An old one dating from theatrical cartoon shorts, practically Self Explanatory. Take a powder, any powder, circumstances (a sneeze, a fan, a hairdryer, a Practical Joke or even spontaneous explosion) causes it to be blown all over the place. The camera goes blank for several seconds, turning the color of what has exploded. When the dust clears and we see the characters again, they and their surroundings are completely, utterly covered in the stuff. They stand stiff and still, often trying to get the stuff off their eyes. Then one makes some sort of a joke before the scene cuts away. Hilarity Ensues if the character is confused for a ghost or some other monster. When liquids are involved (e.g. in a Bucket Booby-Trap), the result is usually Covered in Gunge.
- In The Unfinished Spelling Errors of Bolkien, Gimli blows on the horn of Helm Hammerhand and gets covered in powder that old Helm left in there as a joke.
- The nuclear cheese blast in Over the Hedge.
- The coke-sniffing scene in Annie Hall.
- Shows up in Lord of the Rings, if you can believe that. Will Whitfoot, mayor of Michel Delving and the fattest hobbit in the Shire, is caught in the collapse of the Town Hole and emerges covered in chalk, thus earning the nickname "Flourdumpling". It happens off screen — er, off page — but still, there you are.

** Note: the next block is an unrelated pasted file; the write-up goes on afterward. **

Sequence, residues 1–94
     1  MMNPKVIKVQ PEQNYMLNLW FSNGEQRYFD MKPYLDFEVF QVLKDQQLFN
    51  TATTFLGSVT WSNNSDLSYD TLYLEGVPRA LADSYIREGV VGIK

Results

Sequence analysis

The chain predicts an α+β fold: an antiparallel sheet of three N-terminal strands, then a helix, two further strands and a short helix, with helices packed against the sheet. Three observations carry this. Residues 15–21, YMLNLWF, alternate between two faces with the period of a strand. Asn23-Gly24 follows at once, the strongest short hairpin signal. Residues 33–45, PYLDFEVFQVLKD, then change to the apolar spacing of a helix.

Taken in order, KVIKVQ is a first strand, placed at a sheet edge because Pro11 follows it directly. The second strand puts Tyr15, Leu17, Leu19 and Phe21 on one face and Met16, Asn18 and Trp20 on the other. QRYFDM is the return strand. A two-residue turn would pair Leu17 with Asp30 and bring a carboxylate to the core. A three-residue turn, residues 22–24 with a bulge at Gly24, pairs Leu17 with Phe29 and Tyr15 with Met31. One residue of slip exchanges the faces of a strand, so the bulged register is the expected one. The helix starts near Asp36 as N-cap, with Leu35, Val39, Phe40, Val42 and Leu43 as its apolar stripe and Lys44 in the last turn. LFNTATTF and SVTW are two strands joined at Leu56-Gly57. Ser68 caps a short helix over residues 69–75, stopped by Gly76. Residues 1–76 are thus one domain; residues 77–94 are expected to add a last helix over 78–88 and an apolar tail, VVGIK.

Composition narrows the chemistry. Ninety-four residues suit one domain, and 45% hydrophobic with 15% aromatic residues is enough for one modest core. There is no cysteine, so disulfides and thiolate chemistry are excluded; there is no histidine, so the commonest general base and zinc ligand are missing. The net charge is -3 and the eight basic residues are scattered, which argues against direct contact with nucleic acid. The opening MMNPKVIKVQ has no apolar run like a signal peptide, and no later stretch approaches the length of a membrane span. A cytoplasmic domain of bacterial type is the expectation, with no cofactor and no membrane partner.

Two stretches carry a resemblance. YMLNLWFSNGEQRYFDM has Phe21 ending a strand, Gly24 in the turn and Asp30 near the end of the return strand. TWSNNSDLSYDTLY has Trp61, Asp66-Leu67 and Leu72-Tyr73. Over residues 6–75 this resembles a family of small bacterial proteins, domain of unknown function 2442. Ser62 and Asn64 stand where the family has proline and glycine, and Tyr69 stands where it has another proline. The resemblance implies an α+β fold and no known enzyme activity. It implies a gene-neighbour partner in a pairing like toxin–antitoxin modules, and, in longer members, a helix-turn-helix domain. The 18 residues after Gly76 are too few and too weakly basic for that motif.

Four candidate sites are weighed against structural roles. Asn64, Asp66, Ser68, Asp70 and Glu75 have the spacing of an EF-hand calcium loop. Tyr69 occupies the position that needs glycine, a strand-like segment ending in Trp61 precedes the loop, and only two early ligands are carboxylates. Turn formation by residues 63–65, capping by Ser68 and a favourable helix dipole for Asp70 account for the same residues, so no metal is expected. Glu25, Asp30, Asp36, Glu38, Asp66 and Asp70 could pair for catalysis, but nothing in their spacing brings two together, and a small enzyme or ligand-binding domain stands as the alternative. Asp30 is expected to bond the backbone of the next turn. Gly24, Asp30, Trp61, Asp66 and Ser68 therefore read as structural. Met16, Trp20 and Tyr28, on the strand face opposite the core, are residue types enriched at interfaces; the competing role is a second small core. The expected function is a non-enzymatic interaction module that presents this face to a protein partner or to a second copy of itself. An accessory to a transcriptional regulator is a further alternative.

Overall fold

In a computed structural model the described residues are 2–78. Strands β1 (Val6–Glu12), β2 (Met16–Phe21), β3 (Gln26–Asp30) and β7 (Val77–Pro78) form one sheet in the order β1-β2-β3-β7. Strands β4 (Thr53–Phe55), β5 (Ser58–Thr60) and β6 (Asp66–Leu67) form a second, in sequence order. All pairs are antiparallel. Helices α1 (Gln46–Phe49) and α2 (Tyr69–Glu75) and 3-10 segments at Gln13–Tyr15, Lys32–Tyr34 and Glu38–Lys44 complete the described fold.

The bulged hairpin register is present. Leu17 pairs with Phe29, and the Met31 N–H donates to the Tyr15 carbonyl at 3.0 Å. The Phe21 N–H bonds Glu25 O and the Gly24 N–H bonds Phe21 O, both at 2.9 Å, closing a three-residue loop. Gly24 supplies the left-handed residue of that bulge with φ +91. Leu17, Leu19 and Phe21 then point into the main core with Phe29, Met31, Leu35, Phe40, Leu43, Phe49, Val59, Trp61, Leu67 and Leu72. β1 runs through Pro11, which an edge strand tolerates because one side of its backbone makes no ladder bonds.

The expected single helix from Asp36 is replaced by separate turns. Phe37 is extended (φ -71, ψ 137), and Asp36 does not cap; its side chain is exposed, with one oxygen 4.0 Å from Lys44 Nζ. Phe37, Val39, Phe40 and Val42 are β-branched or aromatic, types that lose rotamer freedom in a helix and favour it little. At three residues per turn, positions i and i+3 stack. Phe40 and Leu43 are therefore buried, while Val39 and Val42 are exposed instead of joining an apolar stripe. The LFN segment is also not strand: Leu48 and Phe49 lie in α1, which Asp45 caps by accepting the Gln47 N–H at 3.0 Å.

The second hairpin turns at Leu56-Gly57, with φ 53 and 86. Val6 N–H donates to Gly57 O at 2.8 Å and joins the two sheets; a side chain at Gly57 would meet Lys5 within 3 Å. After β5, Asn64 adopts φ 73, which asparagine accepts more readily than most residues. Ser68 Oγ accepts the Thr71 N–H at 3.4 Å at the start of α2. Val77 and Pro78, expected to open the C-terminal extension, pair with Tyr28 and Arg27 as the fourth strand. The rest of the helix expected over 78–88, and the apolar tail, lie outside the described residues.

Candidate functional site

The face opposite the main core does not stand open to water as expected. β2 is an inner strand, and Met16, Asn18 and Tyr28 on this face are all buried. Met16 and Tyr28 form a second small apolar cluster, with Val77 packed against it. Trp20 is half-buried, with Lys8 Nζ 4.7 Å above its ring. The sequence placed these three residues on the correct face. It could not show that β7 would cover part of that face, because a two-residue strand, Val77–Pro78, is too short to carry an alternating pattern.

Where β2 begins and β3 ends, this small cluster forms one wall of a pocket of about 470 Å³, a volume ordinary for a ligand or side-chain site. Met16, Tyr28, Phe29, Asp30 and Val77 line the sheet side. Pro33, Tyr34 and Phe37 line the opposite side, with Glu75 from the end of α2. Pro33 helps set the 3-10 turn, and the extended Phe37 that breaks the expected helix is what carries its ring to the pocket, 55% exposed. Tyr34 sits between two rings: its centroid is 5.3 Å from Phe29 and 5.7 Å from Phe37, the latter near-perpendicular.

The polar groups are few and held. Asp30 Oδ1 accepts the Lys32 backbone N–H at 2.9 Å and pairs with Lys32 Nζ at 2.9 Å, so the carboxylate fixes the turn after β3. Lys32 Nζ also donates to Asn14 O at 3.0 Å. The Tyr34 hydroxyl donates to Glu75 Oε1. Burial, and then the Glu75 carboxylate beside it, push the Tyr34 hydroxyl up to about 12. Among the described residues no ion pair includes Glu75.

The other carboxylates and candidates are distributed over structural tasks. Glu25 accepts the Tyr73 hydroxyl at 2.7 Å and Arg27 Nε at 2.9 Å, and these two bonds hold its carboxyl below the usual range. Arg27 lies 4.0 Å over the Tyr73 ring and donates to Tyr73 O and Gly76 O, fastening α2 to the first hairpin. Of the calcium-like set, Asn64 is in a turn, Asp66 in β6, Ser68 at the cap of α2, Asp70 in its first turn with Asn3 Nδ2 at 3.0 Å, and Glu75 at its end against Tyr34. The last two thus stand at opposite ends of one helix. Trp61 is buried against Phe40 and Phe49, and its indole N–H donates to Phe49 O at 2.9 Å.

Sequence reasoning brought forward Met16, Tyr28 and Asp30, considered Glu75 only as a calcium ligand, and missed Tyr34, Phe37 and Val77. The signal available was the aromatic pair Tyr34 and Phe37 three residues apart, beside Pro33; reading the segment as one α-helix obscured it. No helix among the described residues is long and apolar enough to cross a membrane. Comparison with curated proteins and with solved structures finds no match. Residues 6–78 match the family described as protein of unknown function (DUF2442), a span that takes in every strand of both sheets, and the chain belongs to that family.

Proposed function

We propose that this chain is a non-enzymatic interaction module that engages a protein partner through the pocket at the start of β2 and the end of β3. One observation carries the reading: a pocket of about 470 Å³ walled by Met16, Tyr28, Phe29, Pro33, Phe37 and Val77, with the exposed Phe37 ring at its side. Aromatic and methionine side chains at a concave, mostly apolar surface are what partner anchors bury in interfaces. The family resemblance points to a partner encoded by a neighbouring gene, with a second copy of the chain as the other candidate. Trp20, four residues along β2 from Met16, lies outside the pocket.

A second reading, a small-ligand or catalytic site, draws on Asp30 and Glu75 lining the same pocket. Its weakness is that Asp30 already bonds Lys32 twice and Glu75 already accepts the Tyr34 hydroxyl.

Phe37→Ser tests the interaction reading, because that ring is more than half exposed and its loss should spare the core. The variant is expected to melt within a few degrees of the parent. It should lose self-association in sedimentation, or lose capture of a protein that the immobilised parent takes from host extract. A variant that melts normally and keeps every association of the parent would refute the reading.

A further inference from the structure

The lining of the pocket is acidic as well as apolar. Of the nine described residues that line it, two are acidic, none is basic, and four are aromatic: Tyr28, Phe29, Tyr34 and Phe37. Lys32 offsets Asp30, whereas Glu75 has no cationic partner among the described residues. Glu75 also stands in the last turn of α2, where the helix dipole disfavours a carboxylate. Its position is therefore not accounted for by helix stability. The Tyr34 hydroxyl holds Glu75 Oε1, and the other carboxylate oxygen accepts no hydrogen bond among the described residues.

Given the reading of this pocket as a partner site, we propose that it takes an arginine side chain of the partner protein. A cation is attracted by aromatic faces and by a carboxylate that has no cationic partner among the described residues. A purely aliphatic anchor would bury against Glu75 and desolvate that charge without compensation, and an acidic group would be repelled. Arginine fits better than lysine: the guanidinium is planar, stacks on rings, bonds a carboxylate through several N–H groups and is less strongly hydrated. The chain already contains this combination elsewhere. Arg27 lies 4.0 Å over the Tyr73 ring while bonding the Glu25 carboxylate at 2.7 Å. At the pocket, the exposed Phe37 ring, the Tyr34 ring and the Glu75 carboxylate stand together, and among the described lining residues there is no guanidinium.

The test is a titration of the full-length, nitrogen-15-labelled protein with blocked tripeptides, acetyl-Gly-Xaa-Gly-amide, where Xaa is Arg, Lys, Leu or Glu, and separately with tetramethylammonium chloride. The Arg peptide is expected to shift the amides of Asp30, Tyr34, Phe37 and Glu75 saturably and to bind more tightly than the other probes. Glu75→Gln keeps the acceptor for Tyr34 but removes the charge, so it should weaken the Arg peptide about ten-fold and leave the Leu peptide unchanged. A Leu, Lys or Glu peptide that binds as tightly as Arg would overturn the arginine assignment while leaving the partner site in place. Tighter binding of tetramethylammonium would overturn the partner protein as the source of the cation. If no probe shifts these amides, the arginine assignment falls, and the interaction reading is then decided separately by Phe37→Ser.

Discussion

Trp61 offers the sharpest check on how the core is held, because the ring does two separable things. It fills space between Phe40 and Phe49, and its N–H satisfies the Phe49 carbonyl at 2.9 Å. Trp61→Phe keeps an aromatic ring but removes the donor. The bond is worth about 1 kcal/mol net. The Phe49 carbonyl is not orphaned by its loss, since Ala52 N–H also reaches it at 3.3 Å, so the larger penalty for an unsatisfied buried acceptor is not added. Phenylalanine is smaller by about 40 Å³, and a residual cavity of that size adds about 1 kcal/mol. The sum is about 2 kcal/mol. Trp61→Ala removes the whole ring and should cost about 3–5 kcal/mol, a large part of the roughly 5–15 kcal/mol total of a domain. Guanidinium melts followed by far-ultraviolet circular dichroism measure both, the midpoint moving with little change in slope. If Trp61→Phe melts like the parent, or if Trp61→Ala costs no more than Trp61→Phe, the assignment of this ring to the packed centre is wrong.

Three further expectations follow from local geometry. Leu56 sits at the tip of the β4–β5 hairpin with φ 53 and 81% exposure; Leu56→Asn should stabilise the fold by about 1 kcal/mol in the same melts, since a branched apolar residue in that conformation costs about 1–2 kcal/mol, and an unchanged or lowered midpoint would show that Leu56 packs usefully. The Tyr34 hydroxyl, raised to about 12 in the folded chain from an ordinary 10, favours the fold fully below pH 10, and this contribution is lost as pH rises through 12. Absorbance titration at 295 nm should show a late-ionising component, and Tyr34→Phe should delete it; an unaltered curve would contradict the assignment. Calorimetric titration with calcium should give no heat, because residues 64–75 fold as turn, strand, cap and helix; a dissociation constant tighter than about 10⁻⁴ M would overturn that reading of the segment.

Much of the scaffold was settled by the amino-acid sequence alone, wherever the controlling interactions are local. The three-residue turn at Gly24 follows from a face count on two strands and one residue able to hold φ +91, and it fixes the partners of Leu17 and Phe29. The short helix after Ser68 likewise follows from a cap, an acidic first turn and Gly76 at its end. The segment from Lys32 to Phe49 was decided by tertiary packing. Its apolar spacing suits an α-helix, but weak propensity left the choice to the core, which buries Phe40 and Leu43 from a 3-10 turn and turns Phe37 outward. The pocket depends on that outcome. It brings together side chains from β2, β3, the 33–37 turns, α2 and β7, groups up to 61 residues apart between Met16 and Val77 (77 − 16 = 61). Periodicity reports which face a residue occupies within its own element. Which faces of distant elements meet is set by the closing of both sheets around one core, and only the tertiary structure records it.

- A running gag on The Milton Berle Show was for someone to holler "MAKEUP!", resulting in someone running on stage and smacking the victim in the face with a big, soft, loaded powder puff. Copied by many others.
- In an episode of Blossom, Blossom and Six use this trick (blowing powder under the bottom of a window) to blind what they think is a homicidial maniac attempting to break into the house on Halloween. It actually turns out to be one of Blossom's brothers.
- The Ed, Edd n Eddy episode "In Like Ed" featured this gag, produced by a baking powder smoke bomb shaped like a jawbreaker.
- "Smile For the Ed" had Ed shouting "Makeup!" and poofing Eddy through the wall with a chalkboard eraser. The episode ends with him doing it to himself, producing this trope.
- Scooby-Doo has done this more than once, at one time this was the complete disguise for the villain of the week who covered himself in flour. Must have been very convincing because when Shaggy and Scooby get covered in the stuff he thinks they're ghosts.
- Batman: The Brave and the Bold: In "Four Star Spectacular", 'Mazing Man causes a fireplace to collapse, covering himself and the homeowners from head to foot in soot.